Istanbul, Turkey

The vast city of Istanbul fascinated me with its complex Byzantine and Ottoman history. As the largest of Turkey’s cities, it is filled with architectural and cultural wonders worth visiting. They range from mosques, churches and palaces to museums, parks and bazaars. 

Magnificent monuments gain roots from the once Roman capitol of Constantinople, followed by the Muslim conquest by the Ottoman sultans who transformed this land. I took a day to cruise its primary waterway, the Bosphorus Strait, to take in the views of this metropolis.

Historical buildings are juxtaposed against the glass-and-steel high rises.

The culture of modern-day Istanbul is dominated by the military hero turned politician, Mustafa Kemal Paşa, universally known as Atatürk, “Father of the Turks.” Following a war for independence primarily from Greece, Atatürk promoted an ambitious, Westernized political and social reform.

The sultanate was abolished; religion and state were separated; the Arabic alphabet was replaced with a Roman-based one; women gained more rights; and Turks were obliged to choose a surname. Today, portraits of his image are on display proudly throughout the city.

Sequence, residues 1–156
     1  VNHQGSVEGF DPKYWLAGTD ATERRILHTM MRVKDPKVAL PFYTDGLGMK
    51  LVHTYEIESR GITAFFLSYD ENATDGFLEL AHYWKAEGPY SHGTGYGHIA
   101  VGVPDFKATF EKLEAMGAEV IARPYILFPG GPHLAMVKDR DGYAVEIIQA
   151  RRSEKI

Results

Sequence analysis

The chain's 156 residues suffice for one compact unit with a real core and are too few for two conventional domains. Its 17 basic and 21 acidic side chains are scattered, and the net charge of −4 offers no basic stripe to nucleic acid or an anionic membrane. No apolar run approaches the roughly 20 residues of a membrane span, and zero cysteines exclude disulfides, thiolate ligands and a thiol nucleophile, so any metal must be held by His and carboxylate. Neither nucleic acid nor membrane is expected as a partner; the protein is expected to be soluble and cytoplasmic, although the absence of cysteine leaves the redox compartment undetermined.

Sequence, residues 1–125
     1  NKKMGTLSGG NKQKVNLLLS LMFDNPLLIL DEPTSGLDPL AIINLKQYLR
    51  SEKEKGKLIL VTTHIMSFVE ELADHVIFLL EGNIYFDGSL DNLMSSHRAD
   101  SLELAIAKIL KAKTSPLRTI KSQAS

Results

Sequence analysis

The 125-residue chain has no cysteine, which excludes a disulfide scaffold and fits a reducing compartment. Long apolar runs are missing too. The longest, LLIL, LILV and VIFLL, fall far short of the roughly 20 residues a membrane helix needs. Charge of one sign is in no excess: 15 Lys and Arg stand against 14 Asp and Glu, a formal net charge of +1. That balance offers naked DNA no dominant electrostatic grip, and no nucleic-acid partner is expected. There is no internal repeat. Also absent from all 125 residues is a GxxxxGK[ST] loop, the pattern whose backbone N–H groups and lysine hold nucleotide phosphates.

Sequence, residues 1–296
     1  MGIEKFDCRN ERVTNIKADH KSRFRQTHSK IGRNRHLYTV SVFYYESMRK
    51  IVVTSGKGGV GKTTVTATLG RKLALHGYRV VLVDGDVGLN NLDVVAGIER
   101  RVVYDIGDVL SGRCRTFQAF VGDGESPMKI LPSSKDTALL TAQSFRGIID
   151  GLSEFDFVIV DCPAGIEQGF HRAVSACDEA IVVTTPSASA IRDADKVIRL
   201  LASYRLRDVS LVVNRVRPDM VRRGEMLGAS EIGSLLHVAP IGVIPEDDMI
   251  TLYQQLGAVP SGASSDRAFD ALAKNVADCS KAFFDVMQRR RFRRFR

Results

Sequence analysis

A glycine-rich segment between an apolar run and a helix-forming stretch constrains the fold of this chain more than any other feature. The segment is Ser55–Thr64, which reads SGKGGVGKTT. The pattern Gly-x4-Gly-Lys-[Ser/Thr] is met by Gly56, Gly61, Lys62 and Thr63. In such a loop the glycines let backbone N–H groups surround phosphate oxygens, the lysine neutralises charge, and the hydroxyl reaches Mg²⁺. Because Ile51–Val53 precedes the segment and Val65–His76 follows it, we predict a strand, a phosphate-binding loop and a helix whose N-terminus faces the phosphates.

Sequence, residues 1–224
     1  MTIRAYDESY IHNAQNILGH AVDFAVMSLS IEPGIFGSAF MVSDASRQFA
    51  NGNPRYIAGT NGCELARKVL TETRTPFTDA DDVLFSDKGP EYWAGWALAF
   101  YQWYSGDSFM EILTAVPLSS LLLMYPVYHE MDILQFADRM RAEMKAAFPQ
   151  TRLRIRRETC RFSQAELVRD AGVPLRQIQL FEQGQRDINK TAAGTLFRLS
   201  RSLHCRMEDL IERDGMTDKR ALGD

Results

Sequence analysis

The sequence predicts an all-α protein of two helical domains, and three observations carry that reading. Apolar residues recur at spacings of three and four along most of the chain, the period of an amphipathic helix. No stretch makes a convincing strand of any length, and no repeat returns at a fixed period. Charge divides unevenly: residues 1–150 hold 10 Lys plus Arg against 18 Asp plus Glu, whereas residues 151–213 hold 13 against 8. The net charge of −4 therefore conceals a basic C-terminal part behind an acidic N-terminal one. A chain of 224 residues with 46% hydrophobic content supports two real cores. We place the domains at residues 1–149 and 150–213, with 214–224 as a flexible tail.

The dynamic complexity of Istanbul gives it a sense of being fully integrated. Several churches and synagogues stand in unity amid hundreds of mosques with numerous minarets shooting into the skyline. Five times a day, the call to prayer rings out throughout this vast metropolis.

Hagia Sophia constructed in the 6th century by the Byzantine Emporer Justinian

There is great sense of Turkish pride felt throughout this friendly city and seen in the thousands of crescents and stars of the national flag waving in the marine air. As a western woman, I felt at ease and found it a welcoming place in which to experience a dominantly Muslim culture.

Ever-present Turkish flag

Further adding to Istanbul’s diversity is its location. Straddled between the two continents of Europe and Asia, the city is divided by its waterways: the Bosphorus Straight provides it a connection between the Sea of Marmara and the Black Sea; the Golden Horn is perhaps one of history’s greatest natural harbors.

Photo by Wikimedia Commons

This is great port city is influenced by its proximity to both Europe and the Middle East. It is bustling with fishermen, freight ships, ferries and cruise ships, whose details I look forward to exploring further.

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